- Sugar and increased inflammation. Pain is one of the top reasons for sleep to be interrupted. Inflammation is one of the causes of pain. As your body is trying to repair itself, some areas become inflamed, painful, and stiff. Sugar increases this inflammation through the formation of chemicals which stimulate the inflammation process.
- Poor stress management.
Stress is a part of our lives. We experience positive and negative stress all day. Some people have learned to deal with this stress by eating sugar. As stated above, sugar releases dopamine, the pleasure hormone. When we are stressed, we seek out things to make us feel better. Also, we tend to get less quality sleep when we are stressed. With a lack of sleep, we are less able to focus or think clearly, which will only add to our inability to deal with stress.
- Skipping meals.
Not eating consistently lowers our blood sugar, which in turn makes us feel tired. We have busy schedules, and many sweet things are also quick and easy to eat. It provides that rapid “rush” we need to keep going until we crash as the effects wear off. Additionally, we then become famished later, which leads to poor food choices that are usually higher in sugar, carbohydrates, and fats.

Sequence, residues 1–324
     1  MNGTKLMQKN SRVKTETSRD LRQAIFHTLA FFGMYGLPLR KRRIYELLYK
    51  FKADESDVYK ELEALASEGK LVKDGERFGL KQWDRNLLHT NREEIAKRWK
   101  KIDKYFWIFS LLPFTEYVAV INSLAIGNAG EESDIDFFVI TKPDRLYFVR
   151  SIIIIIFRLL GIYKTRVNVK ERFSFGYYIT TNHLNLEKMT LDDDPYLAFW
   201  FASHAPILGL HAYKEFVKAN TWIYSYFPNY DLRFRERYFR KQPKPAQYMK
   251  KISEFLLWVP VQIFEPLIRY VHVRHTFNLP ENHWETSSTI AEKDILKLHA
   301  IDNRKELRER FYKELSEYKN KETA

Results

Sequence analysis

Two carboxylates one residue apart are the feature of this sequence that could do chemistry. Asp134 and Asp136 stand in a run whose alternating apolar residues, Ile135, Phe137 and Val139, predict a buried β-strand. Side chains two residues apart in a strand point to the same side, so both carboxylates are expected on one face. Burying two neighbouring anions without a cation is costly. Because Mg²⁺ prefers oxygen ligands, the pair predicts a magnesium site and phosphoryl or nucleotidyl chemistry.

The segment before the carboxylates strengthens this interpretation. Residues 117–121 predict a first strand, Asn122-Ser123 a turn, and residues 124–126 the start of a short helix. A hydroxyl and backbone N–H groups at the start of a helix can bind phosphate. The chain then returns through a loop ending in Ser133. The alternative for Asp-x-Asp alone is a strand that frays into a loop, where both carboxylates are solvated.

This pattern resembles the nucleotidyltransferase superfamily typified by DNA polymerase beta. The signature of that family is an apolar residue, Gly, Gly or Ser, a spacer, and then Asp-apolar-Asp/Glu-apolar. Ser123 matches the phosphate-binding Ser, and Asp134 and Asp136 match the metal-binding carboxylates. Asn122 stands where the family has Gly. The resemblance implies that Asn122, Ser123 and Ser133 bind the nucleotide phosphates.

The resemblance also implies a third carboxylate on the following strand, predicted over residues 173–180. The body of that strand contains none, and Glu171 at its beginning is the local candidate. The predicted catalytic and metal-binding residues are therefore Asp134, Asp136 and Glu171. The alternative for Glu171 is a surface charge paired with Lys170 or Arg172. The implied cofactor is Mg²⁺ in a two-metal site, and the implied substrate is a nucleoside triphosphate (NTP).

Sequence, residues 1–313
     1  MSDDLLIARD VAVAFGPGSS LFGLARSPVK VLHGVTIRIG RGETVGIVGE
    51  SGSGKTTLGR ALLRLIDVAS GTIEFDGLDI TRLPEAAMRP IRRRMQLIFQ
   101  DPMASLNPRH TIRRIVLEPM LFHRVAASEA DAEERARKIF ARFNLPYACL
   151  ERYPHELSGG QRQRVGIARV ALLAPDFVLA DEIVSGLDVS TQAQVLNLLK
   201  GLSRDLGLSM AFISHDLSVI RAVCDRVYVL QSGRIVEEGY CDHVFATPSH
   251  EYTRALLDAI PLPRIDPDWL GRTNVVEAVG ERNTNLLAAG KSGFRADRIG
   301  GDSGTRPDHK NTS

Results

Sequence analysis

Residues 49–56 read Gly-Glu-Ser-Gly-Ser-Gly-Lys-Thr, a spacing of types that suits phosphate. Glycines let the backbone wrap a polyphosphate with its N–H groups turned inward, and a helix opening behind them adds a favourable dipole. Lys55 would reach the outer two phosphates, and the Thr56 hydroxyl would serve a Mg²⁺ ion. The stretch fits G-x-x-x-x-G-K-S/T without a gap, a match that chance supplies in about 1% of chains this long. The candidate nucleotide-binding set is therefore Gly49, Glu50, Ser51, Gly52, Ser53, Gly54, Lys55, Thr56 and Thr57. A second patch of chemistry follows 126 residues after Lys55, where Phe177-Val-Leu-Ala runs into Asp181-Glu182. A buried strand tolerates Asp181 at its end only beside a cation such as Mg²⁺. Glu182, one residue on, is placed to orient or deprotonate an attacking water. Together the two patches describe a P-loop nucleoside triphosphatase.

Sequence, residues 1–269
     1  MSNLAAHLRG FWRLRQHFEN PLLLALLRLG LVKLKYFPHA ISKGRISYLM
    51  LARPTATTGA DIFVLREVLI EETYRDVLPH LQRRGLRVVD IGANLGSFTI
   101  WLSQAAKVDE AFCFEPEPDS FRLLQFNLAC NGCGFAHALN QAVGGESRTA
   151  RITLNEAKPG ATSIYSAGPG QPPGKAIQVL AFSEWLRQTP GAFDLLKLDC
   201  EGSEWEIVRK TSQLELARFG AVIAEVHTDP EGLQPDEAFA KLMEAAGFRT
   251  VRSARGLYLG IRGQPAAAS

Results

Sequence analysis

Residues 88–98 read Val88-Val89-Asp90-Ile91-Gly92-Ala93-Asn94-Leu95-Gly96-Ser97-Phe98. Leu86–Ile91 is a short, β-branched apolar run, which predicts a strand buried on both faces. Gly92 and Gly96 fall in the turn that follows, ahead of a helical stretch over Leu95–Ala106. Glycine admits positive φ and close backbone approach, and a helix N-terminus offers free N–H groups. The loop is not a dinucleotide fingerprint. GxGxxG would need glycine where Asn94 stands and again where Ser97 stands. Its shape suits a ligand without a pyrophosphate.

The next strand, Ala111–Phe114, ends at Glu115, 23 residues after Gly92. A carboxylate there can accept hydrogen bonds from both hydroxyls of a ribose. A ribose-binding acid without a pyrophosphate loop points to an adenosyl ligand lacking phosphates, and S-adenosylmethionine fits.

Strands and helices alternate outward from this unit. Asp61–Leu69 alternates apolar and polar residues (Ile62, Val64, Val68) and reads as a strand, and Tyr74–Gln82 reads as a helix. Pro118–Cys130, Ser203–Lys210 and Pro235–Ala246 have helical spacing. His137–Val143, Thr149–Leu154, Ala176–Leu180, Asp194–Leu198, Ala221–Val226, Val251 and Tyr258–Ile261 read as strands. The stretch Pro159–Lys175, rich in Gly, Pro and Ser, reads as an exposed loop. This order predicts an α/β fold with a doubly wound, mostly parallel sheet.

Fats, Carbohydrates, and Sugar
Carbohydrates and fats are essential to our diet as a form of long-term energy when eaten in proper moderation.
When carbohydrates break down in the body, they create simple sugars. To your body, there is no difference between various types of sugar. They all break down as either fuel for the body or fat storage. Glucose is necessary as fuel for the body and the brain. Glucose is stored in the liver and muscles until we need extra energy. Insulin is the hormone that allows our muscles to extract glycogen from the bloodstream and works to regulate the amount released.
According to the Heart Association, our caloric and nutritional intake should consist of 45 – 65% carbohydrates depending upon activity level. The Heart Association has stated that we should only intake 5-10% of our calories from added sugars. Currently, the recommendations are that women have only seven teaspoons of sugar a day, or 25 grams, and men should only have nine teaspoons or 37.5 grams of sugar. It is estimated that Americans consume about 19 teaspoons a day.
If we were to add fats into this picture, our brains would be very happy! Studies have shown that we receive more pleasure from a meal which contains carbohydrates, sugar, and fats than a meal with only one of the three. We are also more likely to eat a meal or snack with all three despite not genuinely feeling hungry. Essentially, adding fat to sugar and/or carbs will only increase your desire for them, resulting in mindless eating and calorie intake. Fats as an added substance only magnify your craving for the other two as well.
Choosing to eat healthy fats such as avocados, almonds, peanuts, and eggs, which also contain protein, do not seem to lead to this cycle as much as meat and dairy fats. Choosing high-fiber grains in place of highly processed carbohydrates also do not lead to this cycle, as the sugars break down much slower. Your brain is not getting the dopamine release of pleasure to the same extreme.
10 Easy Ways to Detox